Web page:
Gender representation in Indian politics has been discussed and debated for years. While progress has been made on many fronts, the state of Haryana, located in northern India, stands out as a region where women’s political participation remains dismally low.
Haryana has long been characterized by deeply ingrained patriarchal norms, which have significantly limited women’s political participation. According to Reicha Tanwar, a professor of women’s studies at Kurukshetra University, these norms are deeply rooted in the state’s social fabric. In her chapter in the book “Women in State Politics in India: Missing in the Corridors of Power,” Tanwar attributes the low level of women’s participation in Haryana’s politics to a “lack of knowledge and awareness about elections and the electoral process.”
Tanwar further explains that the electoral process in India has become increasingly complex, marked by violence, corruption, and high costs. These factors often deter women from entering the political arena as they struggle to navigate this challenging landscape. Violence has come to dominate elections in many areas, making it even more daunting for women to consider running for office.
While the patriarchal norms in Haryana have historically limited women’s political involvement, there is evidence of gradual change. Tanwar notes that women in the state are beginning to exercise their powers independently. This shift may be attributed to changing social dynamics and increased awareness about the importance of gender equality in politics.
Former Haryana Cabinet Minister Kavita Jain highlights the role of Prime Minister Narendra Modi in securing a consensus among political parties on the women’s reservation bill. This landmark legislation, known as the Nari Shakti Vandan Adhiniyam (The Constitution 128th Amendment) Bill, 2021, seeks to reserve one-third of all seats for women in the Lok Sabha, state assemblies, and the Delhi assembly.
To better understand women’s political representation in Haryana, it is crucial to examine the history of women MPs from the state. Notable women who have served as Lok Sabha MPs from Haryana include Chandrawati, Sudha Yadav, Shruti Choudhry, Kailasho Devi, Sunita Duggal, and Kumari Selja. These women broke barriers and paved the way for future generations, proving that women can excel in politics despite their challenges.
Chandrawati, the first woman Lok Sabha MP from Haryana, made history by defeating Bansi Lal in Bhiwani in 1977. She also served as a minister in the Punjab and Haryana state governments. Sudha Yadav, with an academic background in chemistry and a Ph.D. from the Indian Institute of Technology (IIT), Roorkee, won the Mahendragarh seat on a BJP ticket and is actively involved in party leadership.
Notably, some districts in Haryana, particularly those dominated by the Jat community, have never elected a woman to the Lok Sabha. This is indicative of the deeply entrenched male dominance within the community. These challenges are not unique to Haryana; neighboring Punjab also faces similar issues of gender underrepresentation in politics.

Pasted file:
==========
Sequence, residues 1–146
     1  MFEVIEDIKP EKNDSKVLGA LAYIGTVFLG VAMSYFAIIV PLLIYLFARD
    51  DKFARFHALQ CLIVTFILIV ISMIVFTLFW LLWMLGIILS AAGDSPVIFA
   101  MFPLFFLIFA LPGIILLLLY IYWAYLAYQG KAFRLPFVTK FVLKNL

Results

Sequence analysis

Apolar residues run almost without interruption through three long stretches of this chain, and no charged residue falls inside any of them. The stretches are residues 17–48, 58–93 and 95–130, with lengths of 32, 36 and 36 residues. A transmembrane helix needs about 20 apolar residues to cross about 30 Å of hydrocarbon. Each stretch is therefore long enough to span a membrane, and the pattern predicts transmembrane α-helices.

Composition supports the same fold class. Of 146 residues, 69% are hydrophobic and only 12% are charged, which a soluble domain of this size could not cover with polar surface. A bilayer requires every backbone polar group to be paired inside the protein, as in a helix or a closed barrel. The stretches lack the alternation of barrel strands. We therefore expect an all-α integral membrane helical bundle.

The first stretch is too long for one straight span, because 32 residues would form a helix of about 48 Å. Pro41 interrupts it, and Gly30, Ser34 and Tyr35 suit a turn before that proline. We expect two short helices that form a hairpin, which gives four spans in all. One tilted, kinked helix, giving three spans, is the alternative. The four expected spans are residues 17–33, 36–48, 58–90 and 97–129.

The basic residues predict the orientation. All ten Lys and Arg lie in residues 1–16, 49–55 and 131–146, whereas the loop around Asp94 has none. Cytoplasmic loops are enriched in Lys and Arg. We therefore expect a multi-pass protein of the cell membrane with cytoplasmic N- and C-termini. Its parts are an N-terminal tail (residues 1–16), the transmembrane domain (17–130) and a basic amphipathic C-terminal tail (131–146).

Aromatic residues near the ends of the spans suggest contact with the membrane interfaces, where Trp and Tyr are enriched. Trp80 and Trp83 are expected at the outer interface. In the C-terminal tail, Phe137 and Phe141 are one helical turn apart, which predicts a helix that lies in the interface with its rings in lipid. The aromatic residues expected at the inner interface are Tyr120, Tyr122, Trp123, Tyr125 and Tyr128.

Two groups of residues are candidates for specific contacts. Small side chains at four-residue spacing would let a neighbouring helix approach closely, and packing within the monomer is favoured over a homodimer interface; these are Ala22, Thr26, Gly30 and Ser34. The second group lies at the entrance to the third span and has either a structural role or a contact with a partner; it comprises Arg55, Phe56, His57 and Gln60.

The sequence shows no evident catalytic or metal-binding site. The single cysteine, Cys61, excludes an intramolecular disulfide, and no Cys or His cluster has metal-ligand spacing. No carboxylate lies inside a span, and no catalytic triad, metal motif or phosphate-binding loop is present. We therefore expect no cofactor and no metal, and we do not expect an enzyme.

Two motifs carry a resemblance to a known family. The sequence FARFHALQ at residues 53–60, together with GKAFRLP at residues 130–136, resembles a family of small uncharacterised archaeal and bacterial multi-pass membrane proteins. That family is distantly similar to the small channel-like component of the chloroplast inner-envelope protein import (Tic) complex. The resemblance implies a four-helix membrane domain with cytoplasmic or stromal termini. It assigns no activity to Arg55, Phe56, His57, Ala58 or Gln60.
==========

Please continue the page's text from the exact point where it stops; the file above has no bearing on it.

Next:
Reicha Tanwar emphasizes the importance of reservation for women in politics, as women bring a unique perspective to policy issues. For example, women’s understanding of everyday challenges, such as access to clean drinking water, can shape policy decisions. Tanwar argues that the lack of gender diversity in legislatures has hindered progress on critical issues that affect women.
Haryana’s struggle with gender representation in politics is mirrored in its neighboring states, Punjab and Himachal Pradesh. These states have also seen limited women’s participation in the Lok Sabha.
With 13 Lok Sabha constituencies, Punjab has elected only nine women to the Lower House. Himachal Pradesh has seen no woman elected to the Lok Sabha from two of its four Lok Sabha seats. These statistics reflect the broader challenges faced in the region regarding gender representation.
The passing of the women’s reservation bill is a significant step towards addressing gender disparities in Indian politics. However, the implementation of this law remains a complex process. Jagmati Sangwan of the All India Democratic Women’s Association (AIDWA) expresses concerns about the timeline for the bill’s enforcement, given the complexities of conducting a census and delimitation.
Sunita Duggal, a BJP MP from Sirsa, believes that women will be able to benefit from the quota starting in the 2029 Lok Sabha elections, as announced by BJP President J.P. Nadda. She also highlights the BJP’s commitment to women’s representation within the party, with 41 women MPs and 11 women ministers in the Union cabinet.
The underrepresentation of women in Haryana’s political landscape is a multifaceted issue deeply rooted in patriarchal norms and cultural factors. While progress has been made, the gender gap persists. The Women’s Reservation Bill offers hope for a more equitable future, but its effective implementation is crucial. Women like Chandrawati, Sudha Yadav, and others have blazed a trail for future generations, demonstrating that women can and should play a more significant role in shaping India’s political destiny. As the country continues its journey towards gender equality, women’s empowerment in politics is a critical step forward.
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